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“Indian Giver”: The U.S. Government Spoke With Forked Tongue

Written by Gary North on November 2, 2012

We have a [phrase in the United States: “Indian giver.” An Indian giver is someone who gives you something, and then takes it back.

It turns out that the biggest Indian giver of all is the United States government. It gave tribes assets, and then it mismanaged the assets or actually looted them.

It is taken since 1996 to settle a class-action suit against the United States government for its mismanagement of Indian tribal assets. The government has finally agreed to pay the people bringing the suit over $1 billion in settlement, plus pay tribal entities over $1 billion. The total is around 3 ½ billion dollars.

We should never forget that the original experiment in socialism in the United States was the system of property management that was imposed on tribes by the United States government. This is the system known as Indian reservations. The system has been a catastrophe from the moment it was conceived. It has shown, beyond a shadow of a doubt, the government mismanages economic assets. We have had this demonstration in front of us since the late 1860s. But the system still persists.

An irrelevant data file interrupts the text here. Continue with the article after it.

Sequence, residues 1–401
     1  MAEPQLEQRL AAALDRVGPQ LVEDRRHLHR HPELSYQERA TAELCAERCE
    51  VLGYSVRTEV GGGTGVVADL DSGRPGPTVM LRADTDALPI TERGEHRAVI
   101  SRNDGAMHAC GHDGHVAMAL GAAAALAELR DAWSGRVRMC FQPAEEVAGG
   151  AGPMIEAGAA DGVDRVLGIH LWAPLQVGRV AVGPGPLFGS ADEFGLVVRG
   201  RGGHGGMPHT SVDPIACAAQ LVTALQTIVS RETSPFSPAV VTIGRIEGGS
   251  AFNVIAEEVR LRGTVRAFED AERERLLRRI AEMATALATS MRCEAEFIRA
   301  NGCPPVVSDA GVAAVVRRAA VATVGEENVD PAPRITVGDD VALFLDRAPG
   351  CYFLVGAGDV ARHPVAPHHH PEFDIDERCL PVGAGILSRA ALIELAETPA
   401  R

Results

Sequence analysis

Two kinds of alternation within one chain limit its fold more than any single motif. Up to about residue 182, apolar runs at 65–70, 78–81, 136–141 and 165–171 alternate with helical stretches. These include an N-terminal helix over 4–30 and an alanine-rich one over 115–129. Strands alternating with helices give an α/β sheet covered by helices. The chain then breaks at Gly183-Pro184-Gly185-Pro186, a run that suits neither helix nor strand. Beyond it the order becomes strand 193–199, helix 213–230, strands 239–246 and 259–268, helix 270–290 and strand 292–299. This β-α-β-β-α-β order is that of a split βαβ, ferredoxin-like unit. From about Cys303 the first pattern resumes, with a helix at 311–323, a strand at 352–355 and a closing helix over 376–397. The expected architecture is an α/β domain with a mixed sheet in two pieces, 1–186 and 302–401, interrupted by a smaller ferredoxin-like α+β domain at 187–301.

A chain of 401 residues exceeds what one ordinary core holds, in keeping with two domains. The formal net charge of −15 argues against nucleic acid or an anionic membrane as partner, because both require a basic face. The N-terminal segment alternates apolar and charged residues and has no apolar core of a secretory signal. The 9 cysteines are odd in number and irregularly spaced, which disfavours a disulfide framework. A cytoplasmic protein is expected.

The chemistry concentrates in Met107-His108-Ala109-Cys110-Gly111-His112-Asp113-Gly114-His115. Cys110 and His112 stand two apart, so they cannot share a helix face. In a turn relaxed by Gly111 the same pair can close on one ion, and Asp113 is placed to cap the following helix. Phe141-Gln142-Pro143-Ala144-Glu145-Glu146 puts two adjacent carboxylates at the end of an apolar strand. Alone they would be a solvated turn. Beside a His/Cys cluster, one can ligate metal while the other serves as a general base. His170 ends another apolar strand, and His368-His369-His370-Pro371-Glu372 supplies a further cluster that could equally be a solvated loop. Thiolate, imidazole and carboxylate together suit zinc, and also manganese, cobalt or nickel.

My wife was born in a tiny town in Nevada because her father would not let her mother be under the care of the drunken physician who was on the government payroll through the Bureau of Indian Affairs. Her father was a missionary to the tribe, located in Idaho and Utah, and he knew firsthand about the total incompetence of the Bureau of Indian Affairs.

At least in the old Western movies, the person who was associated with the government on a reservation was likely to be portrayed as a crook. I grew up with those movies, and I developed an early distrust of the reservation system. Only later did I figure out of the reason why the system was so bad is that it was run by the government. I can’t think of any other organization at the federal level that has been subjected to more artistic criticism in Hollywood movies than the Bureau of Indian Affairs. The organization was never named, in the same way that the Bible was never called “the Bible” in Hollywood movies, but at least young people got the idea early that this is one agency of government which nobody should trust.

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